The first one I noticed was AOL which began offering McAfee-based security products to its users.
Ive always had the impression that most ISPs just try to get along doing as little as possible for the money you spend on them, but AOL really does a lot of work trying to secure its heavily attacked network.
The good attitude may be spreading, and perhaps anti-virus companies are getting the idea too. Computer Associates, not a household name outside the data center, has started a campaign to get ISPs offering its eTrust security programs.
The companies appear to be offering the software for free along with some free promotional period for updates, after which charges may apply. In effect, the ISPs become a sales and distribution channel for the security company.
Why did this take so long? Its such an obviously good idea, and well worth some marketing bucks for a player like CA who is, to put it bluntly, not a big deal in the anti-virus space.
What feedback I get from users of eTrust is positive, although I personally havent used it.
CAs marketing here for the campaign is all ISP-oriented and would work as well from any other security company:
- It increases consumer confidence by lessening fear of getting viruses or spyware, or being a victim of ID theft.
- By projecting an image as a “secure” ISP, it helps to attract new and retain existing customers.
- It reduces support costs, as ISPs take a large number of calls related to spyware and virus attacks.
Theres a lot of truth to this, although the process of setup for these products probably brings with it a nasty spike in support costs.
Once its up and running, everyone should be a lot happier: the customer, being protected, should have fewer problems.
The ISP gets fewer security-related support issues, and probably makes some money on the ongoing relationship. CA makes money and gets its brand out there.
This isnt exactly a new idea; It must be at least three years since I was talking to anti-virus companies, asking them why they didnt look at the ISPs as a distribution channel. Perhaps they just didnt want to share any of the proceeds.
I Have a Security
It was year 2000 when I wrote, way, way too early, that ISPs were the future for security for consumers. But I had a different idea of how ISPs would provide security: I saw it entirely as network-based feature.
Almost all malware these days comes through the Internet to the user, so it seemed to me that the ISP should be scanning all channels of communication (in effect, all TCP ports) going to or coming from the user.
All users would be protected, not just those who have the security software running on their computers.
Its ambitious in terms of the computing power it would require, but its easy to assert that such computing power will be readily available in the future.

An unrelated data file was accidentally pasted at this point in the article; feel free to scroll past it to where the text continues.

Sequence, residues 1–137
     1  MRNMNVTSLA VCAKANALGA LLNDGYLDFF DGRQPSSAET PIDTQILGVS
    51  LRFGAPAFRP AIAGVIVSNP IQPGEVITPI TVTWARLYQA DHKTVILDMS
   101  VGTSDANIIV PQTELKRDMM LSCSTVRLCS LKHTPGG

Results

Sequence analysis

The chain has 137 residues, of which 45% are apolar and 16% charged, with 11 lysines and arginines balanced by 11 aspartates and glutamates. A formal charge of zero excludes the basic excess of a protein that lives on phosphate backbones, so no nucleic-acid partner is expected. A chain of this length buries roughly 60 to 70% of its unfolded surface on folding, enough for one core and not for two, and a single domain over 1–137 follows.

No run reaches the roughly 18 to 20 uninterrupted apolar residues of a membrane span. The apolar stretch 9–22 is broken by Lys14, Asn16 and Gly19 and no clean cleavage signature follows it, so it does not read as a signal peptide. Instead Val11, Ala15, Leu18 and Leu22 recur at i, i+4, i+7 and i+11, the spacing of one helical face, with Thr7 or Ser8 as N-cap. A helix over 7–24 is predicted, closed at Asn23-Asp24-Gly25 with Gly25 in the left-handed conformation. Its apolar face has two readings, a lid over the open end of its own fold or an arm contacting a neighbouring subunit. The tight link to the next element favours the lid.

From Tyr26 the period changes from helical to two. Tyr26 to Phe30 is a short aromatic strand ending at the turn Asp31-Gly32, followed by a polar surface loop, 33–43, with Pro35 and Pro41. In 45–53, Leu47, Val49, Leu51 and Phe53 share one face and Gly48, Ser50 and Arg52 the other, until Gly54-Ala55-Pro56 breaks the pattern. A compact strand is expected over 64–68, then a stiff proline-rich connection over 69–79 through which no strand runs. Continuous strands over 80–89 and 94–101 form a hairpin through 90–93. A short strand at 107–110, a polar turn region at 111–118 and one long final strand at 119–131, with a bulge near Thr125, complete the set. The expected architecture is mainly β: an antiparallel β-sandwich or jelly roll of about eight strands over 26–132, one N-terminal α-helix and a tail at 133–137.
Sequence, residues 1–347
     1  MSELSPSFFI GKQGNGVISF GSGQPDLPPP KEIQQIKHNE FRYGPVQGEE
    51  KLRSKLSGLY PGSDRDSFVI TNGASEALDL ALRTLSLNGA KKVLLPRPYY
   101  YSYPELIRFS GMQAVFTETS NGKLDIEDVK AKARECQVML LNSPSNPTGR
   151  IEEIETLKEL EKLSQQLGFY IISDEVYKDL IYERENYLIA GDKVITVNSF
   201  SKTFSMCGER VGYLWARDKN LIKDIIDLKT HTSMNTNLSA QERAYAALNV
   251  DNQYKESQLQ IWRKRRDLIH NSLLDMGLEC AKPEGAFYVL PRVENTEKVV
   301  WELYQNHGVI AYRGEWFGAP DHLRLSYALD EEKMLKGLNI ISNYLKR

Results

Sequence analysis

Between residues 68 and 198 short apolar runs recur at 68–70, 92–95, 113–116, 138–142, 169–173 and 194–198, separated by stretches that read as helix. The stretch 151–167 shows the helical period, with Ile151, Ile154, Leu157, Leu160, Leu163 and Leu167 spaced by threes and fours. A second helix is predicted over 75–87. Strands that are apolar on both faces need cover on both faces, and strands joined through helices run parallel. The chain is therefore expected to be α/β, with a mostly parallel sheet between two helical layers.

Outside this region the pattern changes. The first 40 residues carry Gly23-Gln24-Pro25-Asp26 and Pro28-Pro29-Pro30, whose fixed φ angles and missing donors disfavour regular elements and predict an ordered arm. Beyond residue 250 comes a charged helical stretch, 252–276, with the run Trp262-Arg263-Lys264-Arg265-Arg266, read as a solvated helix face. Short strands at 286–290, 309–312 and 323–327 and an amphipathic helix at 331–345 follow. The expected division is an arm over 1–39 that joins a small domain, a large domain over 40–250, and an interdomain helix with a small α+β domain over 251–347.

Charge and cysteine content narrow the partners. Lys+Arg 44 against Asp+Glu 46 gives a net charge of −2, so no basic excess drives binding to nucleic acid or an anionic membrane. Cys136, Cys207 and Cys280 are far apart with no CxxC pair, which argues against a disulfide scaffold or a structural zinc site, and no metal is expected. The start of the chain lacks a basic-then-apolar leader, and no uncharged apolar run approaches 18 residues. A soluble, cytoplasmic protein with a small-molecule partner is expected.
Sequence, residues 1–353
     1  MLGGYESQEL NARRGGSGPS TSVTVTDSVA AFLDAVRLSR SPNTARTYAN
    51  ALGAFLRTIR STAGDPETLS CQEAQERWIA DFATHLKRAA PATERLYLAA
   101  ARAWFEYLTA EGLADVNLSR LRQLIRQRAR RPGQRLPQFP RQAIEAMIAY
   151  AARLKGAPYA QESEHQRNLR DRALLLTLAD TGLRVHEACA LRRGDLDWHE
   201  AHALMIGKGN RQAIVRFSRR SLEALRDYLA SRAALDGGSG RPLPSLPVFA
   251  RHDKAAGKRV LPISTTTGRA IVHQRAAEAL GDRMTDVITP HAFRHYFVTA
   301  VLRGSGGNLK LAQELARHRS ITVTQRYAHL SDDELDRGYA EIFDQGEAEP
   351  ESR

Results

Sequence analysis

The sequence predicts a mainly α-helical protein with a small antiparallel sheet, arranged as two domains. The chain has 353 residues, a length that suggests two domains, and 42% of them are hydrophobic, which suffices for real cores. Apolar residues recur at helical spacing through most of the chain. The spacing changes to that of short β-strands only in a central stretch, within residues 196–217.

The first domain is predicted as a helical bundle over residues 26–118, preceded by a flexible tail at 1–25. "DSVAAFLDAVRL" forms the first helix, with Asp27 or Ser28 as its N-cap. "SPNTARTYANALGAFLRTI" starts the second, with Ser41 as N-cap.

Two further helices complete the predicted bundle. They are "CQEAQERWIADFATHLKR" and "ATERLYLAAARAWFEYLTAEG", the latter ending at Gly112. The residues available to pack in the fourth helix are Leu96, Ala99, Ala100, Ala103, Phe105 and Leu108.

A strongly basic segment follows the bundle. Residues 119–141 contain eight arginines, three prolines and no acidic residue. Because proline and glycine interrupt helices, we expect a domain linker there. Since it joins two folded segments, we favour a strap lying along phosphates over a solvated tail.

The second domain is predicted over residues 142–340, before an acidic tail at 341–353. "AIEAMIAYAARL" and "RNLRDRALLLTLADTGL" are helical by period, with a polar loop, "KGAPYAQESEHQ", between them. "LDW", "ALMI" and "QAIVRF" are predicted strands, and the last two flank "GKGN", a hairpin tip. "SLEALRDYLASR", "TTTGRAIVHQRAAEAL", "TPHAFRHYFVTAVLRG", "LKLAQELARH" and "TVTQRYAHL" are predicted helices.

Here we are in 2005, and my prediction is still Buck Rogers stuff. Oh, there are some ISPs who do host-based scanning of mail for malware and spam, but thats less than half the problem.
If ISPs had a network firewall of sorts for their users, they could stop the next Sasser or Blaster from affecting their networks.
Isnt that an appealing idea? Its going to happen in the future. I hope I live long enough to see it.
In the meantime, these new solutions are based on the distribution of traditional client-based security software, and thats good enough. Well, basically it is.
There are interim measures that can improve the situation, and these you might see developing in the next few years.
CA allows the ISP to customize the software both aesthetically and with policies; so for instance, the software could be set to block, by default, all outbound connections on port 25 (SMTP)other than those to the ISPs mail server.
If this is a problem for some users, they can change the policy. The ISP cant go so far as to manage the client systems software by changing policies remotely, except perhaps by pushing updates to the user.
This is the sort of capability one finds in corporate versions of client-based security software, and is removed from consumer versions partly because there is nobody managing the system and partly to protect the higher price of the corporate edition.
It might also be useful for the ISP to check whether the client systems software is running and current. After all, new threats often try to disable security software.
One way ISPs could do this is by implementing a dream I have: network access control for ISP networks. (Yes, I know, I have strange dreams.)
This is a system implemented by a variety of companies (Sygate, for example) for setting configuration requirements for a system before it is allowed on the network.
These can include security requirements such as running anti-virus with current definitions.
Network access control is great stuff, but its only a corporate feature now. I think that eventually one could imagine ISPs offering a special “locked-down” area with access control and other network controls and sell it as a “super secure” ISP area.
It would probably have to be more expensive because it would need more hand-holding, but some users would see value in it.
Its good to see ISPs trying to be part of the solution to our security problems. There are still others, unmentioned in this article, who are most definitely part of the problem.
They still dont care what happens on their users computers and the effect it has on the network and Internet beyond.
I can see them getting displaced in the market by ISPs that do care. At least I can dream about it.
Security Center Editor Larry Seltzer has worked in and written about the computer industry since 1983. He can be reached at firstname.lastname@example.org.